PeerSpirit Blog

Working Bicycles of the Netherlands

We are visiting the Netherlands and learning a lot about this small, densely populated country. One of the most obvious sites (besides the windmills) in both urban and rural areas is bicycles. The Dutch have the most bicycles per head of population in the world. (1.3 per citizen old enough to ride) Many Dutch own more than one—one for everyday use and a “best” one for cycle trips. According to Wikipedia, 27% of all ...
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What my father did in “the war”

My father (who will be 94 years old in July) came to dinner on the patio at our house on an early June evening. We were hosting several lovely colleagues, Holier (age 44) and Roswitha (age 55) from Germany. We had a long meandering conversation talking about different travels and experiences in our lives and then one of us asked him what he did in “the War…” Leo Baldwin was the only conscientious objector from ...
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All we are saying…Peace

Last Saturday, driving to a day of teaching for the Self as the Source of the Story seminar, I drove past the weekly Peace Vigil alongside the highway a few miles from our house. I was so touched I decided to write about this in my blog... and today, into my box came this anonymously penned "history and celebration" of the current peace activism on Whidbey. I have participated in both these events over the ...
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Wilderness Quest

For months the Olympic Mountains had been beckoning. Sometimes veiled by layers of gray clouds, sometimes towering in snowy glory, their many moods called to me across the waters of Puget Sound. Massive rainforest trees, thundering waterfalls, wandering bear and cougar, no highways or roads penetrating their wild interior—I knew it was a perfect place for a rite of passage to mark the transition into my 65th year, and to honor the death of ...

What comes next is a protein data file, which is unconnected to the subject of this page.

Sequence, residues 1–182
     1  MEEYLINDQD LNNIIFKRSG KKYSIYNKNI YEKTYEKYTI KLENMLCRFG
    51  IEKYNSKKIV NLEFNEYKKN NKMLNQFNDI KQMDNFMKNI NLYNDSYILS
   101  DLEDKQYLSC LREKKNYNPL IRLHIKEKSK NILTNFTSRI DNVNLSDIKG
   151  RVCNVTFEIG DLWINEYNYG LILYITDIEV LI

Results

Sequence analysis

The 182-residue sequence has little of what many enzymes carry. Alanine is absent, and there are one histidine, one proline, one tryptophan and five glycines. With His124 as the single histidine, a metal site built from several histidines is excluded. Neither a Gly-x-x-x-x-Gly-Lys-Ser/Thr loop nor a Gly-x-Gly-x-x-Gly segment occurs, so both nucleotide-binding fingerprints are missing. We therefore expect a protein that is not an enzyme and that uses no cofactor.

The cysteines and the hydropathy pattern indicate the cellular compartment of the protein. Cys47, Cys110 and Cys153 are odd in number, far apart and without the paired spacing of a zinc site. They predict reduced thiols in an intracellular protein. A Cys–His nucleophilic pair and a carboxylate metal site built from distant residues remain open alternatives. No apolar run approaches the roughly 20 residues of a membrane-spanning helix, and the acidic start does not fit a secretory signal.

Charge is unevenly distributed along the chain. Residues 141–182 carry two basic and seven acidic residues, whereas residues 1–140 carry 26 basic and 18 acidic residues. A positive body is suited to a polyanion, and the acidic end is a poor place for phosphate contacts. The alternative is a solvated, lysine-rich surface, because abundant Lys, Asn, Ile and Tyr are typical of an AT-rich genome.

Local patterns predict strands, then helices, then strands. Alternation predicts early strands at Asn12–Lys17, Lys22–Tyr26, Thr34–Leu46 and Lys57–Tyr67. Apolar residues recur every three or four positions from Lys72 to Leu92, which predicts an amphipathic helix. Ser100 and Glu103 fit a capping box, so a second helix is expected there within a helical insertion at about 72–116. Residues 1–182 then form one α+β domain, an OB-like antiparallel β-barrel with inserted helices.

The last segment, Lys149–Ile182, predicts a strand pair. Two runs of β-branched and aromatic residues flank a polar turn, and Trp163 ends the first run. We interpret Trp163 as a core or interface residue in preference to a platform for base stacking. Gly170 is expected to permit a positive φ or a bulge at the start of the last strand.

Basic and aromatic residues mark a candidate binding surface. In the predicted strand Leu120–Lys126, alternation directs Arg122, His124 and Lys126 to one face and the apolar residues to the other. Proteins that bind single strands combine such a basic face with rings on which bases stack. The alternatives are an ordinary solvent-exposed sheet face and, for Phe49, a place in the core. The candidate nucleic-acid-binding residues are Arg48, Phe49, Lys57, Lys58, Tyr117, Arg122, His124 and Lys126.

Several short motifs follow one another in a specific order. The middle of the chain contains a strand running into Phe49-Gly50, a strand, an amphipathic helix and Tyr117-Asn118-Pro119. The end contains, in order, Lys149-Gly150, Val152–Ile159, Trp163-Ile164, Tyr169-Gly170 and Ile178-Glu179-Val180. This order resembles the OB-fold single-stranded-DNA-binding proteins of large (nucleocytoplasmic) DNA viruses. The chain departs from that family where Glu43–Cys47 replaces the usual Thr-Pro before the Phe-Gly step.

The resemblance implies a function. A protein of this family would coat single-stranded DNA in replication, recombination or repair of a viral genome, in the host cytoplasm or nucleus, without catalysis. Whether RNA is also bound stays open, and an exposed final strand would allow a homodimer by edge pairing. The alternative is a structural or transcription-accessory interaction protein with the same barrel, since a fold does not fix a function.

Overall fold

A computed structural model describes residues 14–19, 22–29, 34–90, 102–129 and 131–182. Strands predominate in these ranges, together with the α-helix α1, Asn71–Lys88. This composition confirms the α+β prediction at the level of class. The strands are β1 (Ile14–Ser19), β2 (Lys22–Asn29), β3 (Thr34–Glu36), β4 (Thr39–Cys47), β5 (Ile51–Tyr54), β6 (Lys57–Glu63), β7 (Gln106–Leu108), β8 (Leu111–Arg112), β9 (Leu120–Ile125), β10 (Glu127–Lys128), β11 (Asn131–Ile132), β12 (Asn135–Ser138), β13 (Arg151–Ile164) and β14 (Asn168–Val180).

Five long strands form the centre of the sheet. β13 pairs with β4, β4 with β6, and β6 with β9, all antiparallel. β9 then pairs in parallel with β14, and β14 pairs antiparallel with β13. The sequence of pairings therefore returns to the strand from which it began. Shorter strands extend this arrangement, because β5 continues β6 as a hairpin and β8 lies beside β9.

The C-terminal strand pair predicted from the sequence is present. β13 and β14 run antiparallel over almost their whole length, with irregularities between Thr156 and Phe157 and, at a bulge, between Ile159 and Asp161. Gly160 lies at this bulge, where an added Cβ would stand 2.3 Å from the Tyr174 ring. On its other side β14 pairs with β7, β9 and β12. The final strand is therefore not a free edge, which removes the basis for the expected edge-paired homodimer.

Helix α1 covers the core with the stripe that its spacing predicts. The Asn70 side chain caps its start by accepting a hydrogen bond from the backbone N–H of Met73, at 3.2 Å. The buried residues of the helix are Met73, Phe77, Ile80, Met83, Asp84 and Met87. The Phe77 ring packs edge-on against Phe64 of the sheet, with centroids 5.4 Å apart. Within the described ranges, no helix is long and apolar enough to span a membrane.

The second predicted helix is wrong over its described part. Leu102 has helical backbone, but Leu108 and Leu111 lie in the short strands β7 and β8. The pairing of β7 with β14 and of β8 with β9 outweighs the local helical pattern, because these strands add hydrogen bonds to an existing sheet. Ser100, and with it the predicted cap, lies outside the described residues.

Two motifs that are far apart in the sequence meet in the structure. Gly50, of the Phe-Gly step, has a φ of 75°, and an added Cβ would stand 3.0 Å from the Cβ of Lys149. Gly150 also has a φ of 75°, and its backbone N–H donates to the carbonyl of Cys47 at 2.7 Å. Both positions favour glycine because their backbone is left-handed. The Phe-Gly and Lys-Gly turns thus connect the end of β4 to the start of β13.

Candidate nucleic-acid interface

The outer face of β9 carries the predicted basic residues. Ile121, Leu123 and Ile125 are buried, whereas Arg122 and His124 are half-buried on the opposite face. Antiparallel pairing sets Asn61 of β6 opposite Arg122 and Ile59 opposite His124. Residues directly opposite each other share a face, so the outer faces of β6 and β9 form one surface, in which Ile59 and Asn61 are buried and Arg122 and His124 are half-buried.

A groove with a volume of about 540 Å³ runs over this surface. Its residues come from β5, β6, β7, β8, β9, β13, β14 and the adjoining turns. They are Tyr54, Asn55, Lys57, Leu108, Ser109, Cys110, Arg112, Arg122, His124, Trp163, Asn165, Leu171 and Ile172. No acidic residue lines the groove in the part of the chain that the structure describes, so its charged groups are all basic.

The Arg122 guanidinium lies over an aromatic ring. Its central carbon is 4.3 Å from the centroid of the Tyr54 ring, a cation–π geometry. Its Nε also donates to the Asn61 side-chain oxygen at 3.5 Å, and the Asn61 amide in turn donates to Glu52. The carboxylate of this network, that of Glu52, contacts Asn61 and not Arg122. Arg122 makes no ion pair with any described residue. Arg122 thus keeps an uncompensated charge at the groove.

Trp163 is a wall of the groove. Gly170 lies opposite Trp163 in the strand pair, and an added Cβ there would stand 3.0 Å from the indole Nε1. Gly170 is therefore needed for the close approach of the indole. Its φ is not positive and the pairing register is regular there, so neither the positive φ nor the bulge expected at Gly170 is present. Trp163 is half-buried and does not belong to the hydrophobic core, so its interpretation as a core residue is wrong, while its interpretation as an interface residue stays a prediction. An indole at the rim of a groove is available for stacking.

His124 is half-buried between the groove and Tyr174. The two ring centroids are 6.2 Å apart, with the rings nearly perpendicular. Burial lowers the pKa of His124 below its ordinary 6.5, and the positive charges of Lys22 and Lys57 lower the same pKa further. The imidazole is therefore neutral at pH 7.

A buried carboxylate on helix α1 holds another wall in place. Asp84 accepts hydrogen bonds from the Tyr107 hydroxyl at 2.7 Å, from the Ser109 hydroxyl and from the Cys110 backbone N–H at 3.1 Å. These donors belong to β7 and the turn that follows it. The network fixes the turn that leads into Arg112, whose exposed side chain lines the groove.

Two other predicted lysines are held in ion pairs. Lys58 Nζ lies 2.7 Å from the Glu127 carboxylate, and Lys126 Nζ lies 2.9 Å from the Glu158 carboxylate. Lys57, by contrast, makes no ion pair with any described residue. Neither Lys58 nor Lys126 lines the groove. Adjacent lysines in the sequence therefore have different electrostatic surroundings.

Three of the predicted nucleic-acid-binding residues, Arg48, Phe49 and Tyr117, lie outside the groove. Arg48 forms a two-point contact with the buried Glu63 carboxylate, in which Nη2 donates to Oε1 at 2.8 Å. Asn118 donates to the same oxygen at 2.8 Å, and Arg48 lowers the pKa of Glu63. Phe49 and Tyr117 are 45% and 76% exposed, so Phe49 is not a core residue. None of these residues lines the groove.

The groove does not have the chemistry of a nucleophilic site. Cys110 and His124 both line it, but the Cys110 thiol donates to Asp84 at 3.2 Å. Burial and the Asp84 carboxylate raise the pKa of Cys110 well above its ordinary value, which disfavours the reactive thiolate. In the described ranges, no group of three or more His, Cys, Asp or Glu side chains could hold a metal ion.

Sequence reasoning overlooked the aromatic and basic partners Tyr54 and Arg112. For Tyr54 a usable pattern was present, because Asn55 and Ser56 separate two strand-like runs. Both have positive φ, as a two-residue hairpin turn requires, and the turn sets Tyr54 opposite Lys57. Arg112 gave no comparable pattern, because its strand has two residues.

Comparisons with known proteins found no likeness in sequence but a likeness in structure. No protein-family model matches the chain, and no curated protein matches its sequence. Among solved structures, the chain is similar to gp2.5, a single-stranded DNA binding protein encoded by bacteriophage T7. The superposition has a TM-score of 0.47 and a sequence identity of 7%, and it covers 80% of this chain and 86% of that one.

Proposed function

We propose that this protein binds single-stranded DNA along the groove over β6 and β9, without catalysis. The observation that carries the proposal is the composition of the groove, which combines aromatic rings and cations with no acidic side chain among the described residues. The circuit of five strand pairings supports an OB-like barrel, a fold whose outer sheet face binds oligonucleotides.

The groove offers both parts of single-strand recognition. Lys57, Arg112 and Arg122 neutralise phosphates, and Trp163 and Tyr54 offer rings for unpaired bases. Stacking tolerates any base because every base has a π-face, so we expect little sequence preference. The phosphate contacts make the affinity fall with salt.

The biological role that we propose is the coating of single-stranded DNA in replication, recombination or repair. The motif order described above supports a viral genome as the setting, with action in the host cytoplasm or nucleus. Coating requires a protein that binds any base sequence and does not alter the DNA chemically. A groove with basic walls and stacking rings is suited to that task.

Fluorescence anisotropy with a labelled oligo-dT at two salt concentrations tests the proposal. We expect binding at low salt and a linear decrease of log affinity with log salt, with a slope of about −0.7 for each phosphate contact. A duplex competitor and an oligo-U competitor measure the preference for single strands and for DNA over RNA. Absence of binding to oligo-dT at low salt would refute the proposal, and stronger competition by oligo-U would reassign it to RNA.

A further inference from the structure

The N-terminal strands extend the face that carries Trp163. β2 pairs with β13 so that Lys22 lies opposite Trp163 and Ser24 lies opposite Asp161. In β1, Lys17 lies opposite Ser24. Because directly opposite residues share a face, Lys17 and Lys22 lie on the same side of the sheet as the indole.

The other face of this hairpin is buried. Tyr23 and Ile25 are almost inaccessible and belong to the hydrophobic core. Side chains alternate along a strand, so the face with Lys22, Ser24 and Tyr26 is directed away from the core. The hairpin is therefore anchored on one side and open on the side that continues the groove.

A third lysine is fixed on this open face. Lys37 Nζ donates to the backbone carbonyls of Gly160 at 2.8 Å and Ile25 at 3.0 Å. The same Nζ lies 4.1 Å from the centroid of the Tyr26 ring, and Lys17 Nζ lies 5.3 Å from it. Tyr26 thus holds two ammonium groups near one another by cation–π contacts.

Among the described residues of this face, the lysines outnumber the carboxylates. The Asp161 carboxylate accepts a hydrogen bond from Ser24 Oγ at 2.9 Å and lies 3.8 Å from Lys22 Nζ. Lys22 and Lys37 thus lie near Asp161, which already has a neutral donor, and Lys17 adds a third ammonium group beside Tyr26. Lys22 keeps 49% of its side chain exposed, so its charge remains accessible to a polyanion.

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Dirty Fingernails

Half an hour in the morning. Ann swimming at the club, I’m dressed for yoga when she returns with the vehicle. Dog still in bed. I put down her breakfast to entice her out. I have scrolled through emails, thank goodness stayed off Face Book. My mind is racing with ideas… shall I communicate with myself in the quiet of the journal, or communicate with “you”—whomever reads this blog: today, tomorrow, or in the mysterious ...
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Fist to the heart–Five Months Later

It has been five months since a midnight phone call pulled us into the emergency of our 33-year-old son’s dying. We were on our way to the airport by 3:00 AM, and by 6:00 AM I had sent an email to extended family and friends asking for prayers and articulating what was happening as it unfolded. We flew to Denver. His sister arrived. His father arrived. Friends surrounded him. He hung onto the thread of ...
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Superheroes

“Grandma, I want to be a superhero with super powers,” said our 9-year-old grandson as we headed outdoors to play baseball. The previous night we had watched “How to Train Your Dragon”, a DreamWorks animation film which features a young Viking boy (Hiccup) who defies convention by training, rather than killing dragons. “It would be so cool to have a super power,” Jaden said. “What kind of super power would you like?” I asked ...
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Daffodils and Garlic—the perfect send off

It is mid-March— that time in the northern hemisphere where the sun is once again beginning to have some warming power and the southern hemisphere is moving into shorter, cooler days. Two plants have been lifelong harbingers of spring for me: daffodils and garlic. The daffodils shown here were planted in my neighbors yard decades ago before she arrived. Every year they come up faithfully in spring—early bursts of color and life in the midst ...
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Weather Reports

It is mid-February. A few days ago I was sitting on the deck of our house, in the sunshine—and it was 55 Farenheit/12 Celsius. I hesitate to mention what a lovely winter we are having when across the North American continent there is so much snow and ice and disastrously low temperatures—however you measure it. And England is awash in floods; heavy rains, and storms tearing at its coastal towns. And Australia is broiling hot ...
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Tracking

We rarely get snow at sea level, but this morning we awoke to an inch of new snow. I realize this is almost laughable for my Minnesota, east coast, and Canadian friends. But it brought out a huge sense of wonder for me. On my morning dog walk I made quite a discovery—a raccoon walked down the middle of our road sometime during the night! Maybe we have had a raccoon around for quite a ...